All tech stocks have taken a pasting recently, hit as much as any sector by the global financial crisis.
But it’s still unclear whether tech companies are being hurt by the worldwide slowdown.
In IBM’s case, the answer is no.
The company was due to release its third-quarter results on October 16, but rush-released them today in an effort to staunch a slide in its stock, which is down 18% for the week so far – in line with other blue-chip techs – closing the current NYSE session at $US90.55 a share (down from $US120 as recently as September 1, and off a 52-week high of $US130).
It was easy to see why Big Blue was keen to preannounce. Income was up 20% on a US dollar basis to $US2.8 billion ($US2.02 a share), 3% of analysts’ predictions.
IBM is also on track to achieve its full year earnings goal of $US8.75 a share, says its Chairman and CEO Sam Palmisano. A growing emphasis on long term service contracts in the US, and high growth for the company in China, India and other emerging markets account for IBM’s strong results, Mr Palmisano says. IBM’s central role in the cloud computing boom won’t be hurting it, either.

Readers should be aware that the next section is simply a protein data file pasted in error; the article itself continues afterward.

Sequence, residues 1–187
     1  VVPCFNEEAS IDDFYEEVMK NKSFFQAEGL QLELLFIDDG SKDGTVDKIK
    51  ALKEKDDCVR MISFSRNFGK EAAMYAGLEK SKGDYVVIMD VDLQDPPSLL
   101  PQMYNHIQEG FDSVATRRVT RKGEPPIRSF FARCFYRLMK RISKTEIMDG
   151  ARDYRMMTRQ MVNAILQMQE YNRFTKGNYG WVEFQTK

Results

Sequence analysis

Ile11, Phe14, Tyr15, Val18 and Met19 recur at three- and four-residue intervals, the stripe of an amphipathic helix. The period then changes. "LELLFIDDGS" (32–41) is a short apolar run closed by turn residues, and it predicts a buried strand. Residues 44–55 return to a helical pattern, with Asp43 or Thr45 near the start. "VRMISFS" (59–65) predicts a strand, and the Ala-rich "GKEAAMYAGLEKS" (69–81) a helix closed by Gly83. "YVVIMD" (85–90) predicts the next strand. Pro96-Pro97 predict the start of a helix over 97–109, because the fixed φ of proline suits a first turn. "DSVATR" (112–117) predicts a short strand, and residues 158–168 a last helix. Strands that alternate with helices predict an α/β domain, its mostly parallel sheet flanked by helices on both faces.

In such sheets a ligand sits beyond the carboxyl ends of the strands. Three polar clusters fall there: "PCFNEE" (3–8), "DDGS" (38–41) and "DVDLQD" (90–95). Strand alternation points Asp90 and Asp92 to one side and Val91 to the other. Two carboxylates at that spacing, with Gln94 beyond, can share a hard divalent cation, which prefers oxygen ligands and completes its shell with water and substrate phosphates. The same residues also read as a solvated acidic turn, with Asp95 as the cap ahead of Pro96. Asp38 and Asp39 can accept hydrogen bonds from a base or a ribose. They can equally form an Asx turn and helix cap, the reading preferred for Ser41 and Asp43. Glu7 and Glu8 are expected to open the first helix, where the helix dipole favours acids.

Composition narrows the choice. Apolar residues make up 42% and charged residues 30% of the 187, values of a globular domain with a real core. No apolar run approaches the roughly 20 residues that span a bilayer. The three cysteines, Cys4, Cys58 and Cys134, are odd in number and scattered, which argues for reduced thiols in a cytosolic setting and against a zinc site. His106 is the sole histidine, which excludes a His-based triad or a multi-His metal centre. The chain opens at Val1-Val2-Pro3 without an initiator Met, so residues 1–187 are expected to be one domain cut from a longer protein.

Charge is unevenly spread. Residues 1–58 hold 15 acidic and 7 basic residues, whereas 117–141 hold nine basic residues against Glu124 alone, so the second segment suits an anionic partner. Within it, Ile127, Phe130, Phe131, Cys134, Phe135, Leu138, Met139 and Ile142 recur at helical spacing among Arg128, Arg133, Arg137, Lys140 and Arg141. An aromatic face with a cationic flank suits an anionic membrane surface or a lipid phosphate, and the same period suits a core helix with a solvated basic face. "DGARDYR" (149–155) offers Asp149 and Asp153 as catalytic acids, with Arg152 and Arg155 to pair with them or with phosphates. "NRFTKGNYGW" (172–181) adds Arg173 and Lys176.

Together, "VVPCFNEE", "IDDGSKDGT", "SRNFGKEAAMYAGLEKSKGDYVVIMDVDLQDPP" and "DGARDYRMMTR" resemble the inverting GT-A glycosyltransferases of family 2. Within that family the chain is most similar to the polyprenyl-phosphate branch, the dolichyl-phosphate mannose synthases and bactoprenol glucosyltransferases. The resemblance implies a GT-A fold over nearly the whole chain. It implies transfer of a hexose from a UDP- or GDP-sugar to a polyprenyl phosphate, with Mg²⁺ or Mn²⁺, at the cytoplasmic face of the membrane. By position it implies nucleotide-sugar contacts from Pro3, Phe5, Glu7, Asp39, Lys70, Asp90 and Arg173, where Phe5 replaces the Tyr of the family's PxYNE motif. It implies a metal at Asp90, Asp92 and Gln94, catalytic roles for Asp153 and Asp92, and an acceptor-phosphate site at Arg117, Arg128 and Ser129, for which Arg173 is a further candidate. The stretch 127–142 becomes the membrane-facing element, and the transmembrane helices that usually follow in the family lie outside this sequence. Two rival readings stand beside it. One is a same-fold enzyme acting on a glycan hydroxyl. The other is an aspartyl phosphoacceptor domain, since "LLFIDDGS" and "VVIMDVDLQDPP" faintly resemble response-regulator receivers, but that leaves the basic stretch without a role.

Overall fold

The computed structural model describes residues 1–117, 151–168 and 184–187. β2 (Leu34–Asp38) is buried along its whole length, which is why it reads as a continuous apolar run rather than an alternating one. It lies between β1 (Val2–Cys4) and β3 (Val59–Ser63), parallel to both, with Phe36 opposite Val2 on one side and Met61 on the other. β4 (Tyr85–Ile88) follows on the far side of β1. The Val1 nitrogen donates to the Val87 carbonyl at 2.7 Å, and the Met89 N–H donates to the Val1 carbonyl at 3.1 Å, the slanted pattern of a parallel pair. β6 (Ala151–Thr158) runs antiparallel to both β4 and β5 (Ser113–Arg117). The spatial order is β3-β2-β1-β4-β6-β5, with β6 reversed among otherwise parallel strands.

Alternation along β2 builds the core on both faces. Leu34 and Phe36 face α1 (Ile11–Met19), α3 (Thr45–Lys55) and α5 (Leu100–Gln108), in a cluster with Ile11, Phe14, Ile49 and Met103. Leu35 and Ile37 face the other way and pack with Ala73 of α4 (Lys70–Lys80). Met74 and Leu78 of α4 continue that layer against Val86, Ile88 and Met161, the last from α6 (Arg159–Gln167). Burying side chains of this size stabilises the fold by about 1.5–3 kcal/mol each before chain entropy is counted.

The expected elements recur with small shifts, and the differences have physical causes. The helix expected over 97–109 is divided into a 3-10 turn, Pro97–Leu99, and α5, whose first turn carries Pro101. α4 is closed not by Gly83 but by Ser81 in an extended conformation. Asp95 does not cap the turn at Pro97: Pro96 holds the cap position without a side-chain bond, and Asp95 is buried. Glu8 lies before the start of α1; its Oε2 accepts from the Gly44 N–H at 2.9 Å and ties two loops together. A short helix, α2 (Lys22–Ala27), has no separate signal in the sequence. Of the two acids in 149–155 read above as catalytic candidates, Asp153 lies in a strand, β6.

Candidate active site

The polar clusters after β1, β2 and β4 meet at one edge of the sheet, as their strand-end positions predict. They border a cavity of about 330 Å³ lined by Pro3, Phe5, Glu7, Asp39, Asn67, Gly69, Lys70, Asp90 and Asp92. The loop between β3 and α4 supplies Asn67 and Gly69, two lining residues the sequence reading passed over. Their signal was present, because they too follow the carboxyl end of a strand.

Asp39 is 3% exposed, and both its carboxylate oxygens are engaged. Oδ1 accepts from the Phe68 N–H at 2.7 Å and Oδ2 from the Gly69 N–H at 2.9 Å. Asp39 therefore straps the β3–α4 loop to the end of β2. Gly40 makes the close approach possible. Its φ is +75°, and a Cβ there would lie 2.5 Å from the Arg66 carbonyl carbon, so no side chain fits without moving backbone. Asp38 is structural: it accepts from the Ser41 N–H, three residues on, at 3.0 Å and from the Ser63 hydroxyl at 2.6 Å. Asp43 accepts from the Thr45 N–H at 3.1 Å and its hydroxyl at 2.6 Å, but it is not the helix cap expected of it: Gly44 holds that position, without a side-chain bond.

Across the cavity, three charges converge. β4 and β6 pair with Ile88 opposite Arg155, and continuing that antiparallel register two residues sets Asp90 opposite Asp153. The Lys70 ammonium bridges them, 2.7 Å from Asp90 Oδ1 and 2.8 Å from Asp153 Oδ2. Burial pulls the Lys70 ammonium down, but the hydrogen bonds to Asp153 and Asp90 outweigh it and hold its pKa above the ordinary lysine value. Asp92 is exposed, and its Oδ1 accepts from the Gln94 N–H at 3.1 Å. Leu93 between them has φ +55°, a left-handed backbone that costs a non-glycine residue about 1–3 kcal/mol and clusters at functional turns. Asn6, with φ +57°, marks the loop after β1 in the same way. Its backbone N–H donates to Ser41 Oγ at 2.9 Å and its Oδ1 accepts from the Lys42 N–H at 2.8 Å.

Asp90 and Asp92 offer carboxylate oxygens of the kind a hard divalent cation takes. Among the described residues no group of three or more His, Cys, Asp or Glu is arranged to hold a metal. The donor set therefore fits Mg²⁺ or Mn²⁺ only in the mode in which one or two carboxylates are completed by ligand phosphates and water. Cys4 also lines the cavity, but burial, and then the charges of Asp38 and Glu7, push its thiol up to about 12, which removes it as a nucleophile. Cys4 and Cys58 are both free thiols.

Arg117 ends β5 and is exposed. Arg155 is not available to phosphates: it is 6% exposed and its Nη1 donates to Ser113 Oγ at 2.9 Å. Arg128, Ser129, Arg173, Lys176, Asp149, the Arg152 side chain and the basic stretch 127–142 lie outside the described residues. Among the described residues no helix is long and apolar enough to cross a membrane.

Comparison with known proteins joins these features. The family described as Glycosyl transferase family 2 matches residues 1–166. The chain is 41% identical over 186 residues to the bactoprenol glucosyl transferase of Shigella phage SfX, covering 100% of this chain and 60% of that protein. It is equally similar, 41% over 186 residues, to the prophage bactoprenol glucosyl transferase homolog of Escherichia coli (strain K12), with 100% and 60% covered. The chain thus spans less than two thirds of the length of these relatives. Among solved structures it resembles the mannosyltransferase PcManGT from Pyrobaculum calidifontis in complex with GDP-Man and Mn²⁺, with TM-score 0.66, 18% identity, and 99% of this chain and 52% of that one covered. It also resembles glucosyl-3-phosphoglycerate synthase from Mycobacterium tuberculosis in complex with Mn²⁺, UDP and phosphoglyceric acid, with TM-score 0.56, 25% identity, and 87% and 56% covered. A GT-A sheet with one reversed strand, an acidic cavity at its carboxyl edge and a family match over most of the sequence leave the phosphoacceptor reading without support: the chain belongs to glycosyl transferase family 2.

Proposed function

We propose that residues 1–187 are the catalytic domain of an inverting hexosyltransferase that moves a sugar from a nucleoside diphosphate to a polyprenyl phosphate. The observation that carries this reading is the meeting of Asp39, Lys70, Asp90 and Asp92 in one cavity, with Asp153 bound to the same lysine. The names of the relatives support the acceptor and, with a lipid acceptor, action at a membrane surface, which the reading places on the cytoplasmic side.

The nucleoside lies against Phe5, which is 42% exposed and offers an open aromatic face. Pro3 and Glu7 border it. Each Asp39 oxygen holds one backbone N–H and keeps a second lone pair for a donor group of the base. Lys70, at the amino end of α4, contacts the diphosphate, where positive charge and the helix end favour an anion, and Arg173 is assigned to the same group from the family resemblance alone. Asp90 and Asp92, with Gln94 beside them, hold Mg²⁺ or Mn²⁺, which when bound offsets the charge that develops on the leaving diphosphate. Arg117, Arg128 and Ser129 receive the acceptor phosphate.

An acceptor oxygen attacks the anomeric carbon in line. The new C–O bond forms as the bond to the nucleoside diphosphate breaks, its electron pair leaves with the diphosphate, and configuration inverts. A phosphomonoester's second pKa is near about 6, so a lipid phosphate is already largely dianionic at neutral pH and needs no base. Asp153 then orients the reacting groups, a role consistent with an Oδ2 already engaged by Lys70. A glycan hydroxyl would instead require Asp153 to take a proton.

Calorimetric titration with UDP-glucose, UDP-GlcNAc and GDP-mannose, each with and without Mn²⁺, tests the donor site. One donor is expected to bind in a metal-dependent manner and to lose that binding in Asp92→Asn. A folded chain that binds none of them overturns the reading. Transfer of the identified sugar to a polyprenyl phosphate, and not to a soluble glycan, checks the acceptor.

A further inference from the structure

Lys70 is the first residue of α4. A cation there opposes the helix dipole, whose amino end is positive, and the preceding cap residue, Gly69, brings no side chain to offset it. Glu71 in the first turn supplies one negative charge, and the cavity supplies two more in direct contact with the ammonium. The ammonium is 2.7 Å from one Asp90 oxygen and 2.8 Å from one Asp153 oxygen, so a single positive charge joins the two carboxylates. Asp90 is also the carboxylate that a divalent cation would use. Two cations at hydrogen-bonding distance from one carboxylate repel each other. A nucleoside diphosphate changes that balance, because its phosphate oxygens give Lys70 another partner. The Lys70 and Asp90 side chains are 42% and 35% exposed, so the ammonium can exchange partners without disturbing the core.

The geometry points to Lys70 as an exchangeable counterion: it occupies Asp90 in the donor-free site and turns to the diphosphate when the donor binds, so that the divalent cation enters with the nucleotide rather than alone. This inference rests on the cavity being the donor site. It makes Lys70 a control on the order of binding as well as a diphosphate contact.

There was some evidence of the slowdown. Revenue for the quarter grew 5% to $US25.3 billion, half analysts’ expectations.
But traders focussed on the good profit news and confident out, and in after hours trading, the IBM’s shares rebounded $US5.45 to $US96.00
In the year 2000, tech stocks led the NASDAQ and Dow declines, with their sky-high valuations correctly blamed for creating the bubble.
Today, the reverse is true. Fuelled by the Web 2.0 boom, many techs are seeing solid results, but their valuation dragged down by the general market.
Many, but not all. Among the global giants, the outlook remains mixed. Oracle has shared IBM’s strong results and positive outlook, but SAP results disappointed this week, Dell has warned its being hit by a global slow-down and HP has announced mass lay-offs.